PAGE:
Mystic Chapel starts with a Prelude called “Journey’s End.” It’s an instrumental guitar song that’s a bit haunting; it feels like a person has been walking a long time through the woods and is finally finding refuge in a building during a rainstorm. Toward the end of the Prelude, a bell rings. What’s inside of this place?
“Come Let Us Worship” follows the Prelude, and it sounds as if you’ve walked into an Irish pub, with fellows singing about the Lord: “Lord have mercy…for thou art God, thou art holy…” It couldn’t be more different than the moody Prelude.
This is Mystic Chapel, an album by Michael Glen Bell and Duane W.H. Arnold, billing themselves and/or their music as “The Project.” Mystic Chapel is relatively quick, clocking in just over half an hour, but the musicians use their time well.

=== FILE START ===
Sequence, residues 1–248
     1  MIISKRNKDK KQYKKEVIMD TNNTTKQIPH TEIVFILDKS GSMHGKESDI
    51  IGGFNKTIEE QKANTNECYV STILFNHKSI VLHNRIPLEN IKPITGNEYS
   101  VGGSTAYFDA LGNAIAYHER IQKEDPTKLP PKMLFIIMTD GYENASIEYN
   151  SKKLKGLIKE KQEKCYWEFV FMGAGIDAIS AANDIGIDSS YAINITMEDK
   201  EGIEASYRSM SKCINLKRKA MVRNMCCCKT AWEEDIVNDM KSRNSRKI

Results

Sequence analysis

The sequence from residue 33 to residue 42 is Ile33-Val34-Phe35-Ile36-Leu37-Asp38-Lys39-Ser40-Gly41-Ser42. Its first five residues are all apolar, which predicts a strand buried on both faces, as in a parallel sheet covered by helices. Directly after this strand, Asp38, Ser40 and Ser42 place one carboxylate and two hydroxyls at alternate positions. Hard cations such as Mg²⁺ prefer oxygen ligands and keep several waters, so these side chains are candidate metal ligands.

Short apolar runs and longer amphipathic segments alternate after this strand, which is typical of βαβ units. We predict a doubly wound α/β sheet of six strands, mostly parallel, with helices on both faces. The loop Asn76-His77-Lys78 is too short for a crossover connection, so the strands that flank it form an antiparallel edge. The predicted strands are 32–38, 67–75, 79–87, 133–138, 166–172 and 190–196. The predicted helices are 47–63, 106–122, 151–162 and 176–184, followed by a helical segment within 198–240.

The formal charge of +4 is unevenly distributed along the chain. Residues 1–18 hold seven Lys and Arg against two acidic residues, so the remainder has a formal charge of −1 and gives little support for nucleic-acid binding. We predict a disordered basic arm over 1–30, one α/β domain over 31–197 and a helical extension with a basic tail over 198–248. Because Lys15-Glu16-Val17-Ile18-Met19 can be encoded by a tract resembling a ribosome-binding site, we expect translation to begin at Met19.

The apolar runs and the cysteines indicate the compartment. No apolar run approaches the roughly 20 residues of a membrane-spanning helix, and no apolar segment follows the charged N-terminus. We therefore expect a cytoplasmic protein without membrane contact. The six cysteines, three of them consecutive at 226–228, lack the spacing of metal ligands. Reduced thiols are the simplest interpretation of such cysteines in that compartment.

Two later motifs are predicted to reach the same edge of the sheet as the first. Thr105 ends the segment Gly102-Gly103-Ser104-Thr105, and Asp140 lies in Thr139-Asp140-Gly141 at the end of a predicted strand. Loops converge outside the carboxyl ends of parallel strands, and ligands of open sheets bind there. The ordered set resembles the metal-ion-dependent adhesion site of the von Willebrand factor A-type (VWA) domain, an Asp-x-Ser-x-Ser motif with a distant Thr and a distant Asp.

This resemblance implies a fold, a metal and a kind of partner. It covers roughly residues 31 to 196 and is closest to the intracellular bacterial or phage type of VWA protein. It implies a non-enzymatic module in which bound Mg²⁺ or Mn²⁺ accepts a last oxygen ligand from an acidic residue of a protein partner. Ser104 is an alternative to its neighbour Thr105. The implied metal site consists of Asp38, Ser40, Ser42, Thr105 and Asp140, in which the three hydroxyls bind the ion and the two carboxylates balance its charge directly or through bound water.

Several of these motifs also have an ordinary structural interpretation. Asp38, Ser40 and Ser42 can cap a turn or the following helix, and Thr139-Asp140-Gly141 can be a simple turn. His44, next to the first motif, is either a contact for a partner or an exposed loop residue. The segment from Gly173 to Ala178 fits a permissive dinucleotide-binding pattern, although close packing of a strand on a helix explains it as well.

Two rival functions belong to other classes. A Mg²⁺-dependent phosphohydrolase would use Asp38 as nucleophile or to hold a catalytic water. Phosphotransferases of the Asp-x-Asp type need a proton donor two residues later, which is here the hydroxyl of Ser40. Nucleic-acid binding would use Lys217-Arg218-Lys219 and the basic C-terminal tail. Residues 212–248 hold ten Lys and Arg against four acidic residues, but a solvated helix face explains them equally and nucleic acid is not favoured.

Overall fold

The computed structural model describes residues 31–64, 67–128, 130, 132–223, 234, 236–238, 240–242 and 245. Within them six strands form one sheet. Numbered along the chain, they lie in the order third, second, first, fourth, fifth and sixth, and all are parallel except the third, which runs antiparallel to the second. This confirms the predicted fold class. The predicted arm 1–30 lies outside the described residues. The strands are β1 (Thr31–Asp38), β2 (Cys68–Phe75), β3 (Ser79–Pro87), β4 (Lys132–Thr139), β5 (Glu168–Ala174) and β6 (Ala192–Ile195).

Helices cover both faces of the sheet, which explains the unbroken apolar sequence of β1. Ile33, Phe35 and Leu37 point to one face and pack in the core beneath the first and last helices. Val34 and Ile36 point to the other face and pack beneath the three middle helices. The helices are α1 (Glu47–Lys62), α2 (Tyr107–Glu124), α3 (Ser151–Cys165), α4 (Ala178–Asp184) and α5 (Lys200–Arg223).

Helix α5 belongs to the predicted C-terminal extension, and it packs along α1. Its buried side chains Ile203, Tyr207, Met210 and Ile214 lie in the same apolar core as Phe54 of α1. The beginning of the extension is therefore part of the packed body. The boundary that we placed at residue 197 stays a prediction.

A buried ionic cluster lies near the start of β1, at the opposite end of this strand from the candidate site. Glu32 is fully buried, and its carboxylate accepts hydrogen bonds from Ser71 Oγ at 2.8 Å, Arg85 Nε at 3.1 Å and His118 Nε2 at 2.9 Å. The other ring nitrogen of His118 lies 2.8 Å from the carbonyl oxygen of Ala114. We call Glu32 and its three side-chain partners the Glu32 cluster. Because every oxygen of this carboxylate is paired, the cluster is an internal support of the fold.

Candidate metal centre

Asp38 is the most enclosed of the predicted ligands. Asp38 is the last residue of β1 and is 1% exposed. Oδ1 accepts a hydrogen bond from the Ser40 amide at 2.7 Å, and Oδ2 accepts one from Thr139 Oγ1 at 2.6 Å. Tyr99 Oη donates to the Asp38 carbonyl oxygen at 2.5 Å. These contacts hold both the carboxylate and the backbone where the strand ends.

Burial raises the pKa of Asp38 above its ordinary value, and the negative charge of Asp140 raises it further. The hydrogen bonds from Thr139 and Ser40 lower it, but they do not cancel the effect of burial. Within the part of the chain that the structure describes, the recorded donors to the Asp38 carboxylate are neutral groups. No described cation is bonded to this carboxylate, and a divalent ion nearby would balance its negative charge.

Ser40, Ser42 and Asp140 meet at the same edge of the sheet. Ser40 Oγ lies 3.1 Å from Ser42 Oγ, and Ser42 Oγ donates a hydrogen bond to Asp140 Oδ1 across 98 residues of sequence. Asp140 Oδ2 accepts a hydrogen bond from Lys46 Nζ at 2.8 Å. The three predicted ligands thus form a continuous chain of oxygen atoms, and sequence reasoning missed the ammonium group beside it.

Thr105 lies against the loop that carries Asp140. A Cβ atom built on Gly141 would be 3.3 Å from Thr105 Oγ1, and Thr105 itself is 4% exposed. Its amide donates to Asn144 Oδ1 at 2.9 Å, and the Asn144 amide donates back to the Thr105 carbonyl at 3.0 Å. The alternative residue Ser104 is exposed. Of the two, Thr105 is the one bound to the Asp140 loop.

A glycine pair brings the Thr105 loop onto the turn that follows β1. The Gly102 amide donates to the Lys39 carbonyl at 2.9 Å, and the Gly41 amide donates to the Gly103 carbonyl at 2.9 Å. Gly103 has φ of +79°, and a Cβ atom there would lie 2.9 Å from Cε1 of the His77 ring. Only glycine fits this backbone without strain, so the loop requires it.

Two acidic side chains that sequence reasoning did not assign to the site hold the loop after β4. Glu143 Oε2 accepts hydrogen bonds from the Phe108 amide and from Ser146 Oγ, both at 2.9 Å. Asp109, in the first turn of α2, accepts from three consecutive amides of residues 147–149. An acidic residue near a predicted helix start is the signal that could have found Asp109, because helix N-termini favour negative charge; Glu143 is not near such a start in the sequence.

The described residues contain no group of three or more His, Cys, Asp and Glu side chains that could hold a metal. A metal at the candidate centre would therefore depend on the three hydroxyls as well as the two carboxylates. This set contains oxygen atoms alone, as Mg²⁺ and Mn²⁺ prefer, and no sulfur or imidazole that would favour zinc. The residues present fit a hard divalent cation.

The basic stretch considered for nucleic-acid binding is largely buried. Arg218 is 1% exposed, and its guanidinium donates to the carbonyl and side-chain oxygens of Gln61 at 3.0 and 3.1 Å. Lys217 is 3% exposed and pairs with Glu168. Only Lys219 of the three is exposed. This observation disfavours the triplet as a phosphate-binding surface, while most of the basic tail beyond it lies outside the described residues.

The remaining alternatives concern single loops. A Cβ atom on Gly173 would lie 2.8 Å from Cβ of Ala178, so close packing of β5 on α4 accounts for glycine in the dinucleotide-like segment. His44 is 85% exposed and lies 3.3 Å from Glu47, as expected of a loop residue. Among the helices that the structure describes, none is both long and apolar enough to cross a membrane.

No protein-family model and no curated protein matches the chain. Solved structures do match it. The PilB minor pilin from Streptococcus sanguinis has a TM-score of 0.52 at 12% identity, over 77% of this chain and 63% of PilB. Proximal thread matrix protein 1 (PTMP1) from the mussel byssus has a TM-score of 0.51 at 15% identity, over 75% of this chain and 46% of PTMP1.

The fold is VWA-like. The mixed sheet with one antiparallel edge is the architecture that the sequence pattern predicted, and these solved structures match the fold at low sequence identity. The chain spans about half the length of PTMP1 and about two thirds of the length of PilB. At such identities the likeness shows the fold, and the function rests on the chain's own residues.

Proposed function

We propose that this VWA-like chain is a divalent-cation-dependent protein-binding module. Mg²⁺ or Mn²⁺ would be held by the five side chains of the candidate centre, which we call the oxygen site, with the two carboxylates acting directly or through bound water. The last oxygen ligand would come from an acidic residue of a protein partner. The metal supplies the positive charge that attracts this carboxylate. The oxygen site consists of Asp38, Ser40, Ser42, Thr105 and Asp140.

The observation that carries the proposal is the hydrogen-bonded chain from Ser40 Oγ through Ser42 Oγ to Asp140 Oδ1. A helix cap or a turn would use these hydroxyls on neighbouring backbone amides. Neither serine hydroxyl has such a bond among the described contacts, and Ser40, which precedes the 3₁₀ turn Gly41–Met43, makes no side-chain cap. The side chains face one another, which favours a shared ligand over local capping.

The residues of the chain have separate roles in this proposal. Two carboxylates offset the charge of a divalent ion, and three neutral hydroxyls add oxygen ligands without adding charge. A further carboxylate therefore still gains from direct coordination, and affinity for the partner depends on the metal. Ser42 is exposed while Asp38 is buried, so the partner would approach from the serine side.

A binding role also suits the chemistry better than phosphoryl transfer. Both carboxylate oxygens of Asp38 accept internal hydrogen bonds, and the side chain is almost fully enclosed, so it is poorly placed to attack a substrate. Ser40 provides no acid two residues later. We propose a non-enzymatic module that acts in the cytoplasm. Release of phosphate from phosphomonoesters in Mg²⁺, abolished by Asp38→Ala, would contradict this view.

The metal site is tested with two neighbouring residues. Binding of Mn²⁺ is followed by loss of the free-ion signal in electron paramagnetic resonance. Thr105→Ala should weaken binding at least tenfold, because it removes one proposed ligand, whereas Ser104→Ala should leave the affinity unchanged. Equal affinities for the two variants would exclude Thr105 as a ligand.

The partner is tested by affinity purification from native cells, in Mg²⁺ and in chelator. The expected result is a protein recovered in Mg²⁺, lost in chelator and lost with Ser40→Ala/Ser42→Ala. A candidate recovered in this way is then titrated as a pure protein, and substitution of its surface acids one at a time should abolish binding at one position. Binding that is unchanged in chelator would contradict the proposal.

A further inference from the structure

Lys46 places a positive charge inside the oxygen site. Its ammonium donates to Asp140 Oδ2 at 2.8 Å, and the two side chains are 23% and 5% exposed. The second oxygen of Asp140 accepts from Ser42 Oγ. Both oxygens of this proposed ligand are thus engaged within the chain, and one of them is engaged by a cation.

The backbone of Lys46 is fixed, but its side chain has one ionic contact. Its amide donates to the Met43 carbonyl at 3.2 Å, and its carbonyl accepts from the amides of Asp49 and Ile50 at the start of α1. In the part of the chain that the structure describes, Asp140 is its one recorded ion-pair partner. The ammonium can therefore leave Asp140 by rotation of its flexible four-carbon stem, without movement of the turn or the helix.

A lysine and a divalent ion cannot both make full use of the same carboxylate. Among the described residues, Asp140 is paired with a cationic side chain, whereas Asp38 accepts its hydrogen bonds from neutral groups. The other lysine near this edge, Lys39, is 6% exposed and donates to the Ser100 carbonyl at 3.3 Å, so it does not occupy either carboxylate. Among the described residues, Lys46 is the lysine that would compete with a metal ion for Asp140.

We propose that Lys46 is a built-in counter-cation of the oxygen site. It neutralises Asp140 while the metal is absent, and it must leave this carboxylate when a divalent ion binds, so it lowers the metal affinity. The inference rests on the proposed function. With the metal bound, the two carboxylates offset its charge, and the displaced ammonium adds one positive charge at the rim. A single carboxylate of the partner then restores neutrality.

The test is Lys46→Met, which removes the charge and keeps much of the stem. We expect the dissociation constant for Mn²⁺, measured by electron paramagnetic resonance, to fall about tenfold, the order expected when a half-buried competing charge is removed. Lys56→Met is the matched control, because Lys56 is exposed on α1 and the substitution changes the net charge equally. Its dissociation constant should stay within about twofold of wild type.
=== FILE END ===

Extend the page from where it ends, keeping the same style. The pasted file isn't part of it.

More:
Might it sound odd for me to say their music reminds me of Phil Keaggy meets The Beach Boys? There’s a bit of the surf rock, old hippie sound to songs like “Joyous Light” and “From On High.” This is not today’s corporate American vanilla Coldplay-sounding megachurch music. Nope, this takes you back to a time when guys with guitars started singing in churches that had previously only used organs.
Interestingly, Bell and Arnold are trying to ask the question “What if we still believed?” Mystic Chapel is very religious lyrically, but still accessible to those with no faith or those who feel like they’re “done” with church. It’s a thinking man’s album in a world of vapid and bland albums. It also feels like you’re stepping back in time to a different era for the church, music and the world in general; Maybe you’re just stepping into a literal Mystic Chapel? That’s for you to decide.
If you like guitar music with pleasant harmonies and Anglican/Catholic-style lyrics sung to God, investigate The Project’s Mystic Chapel. –Mark Weber, Christian Music Makers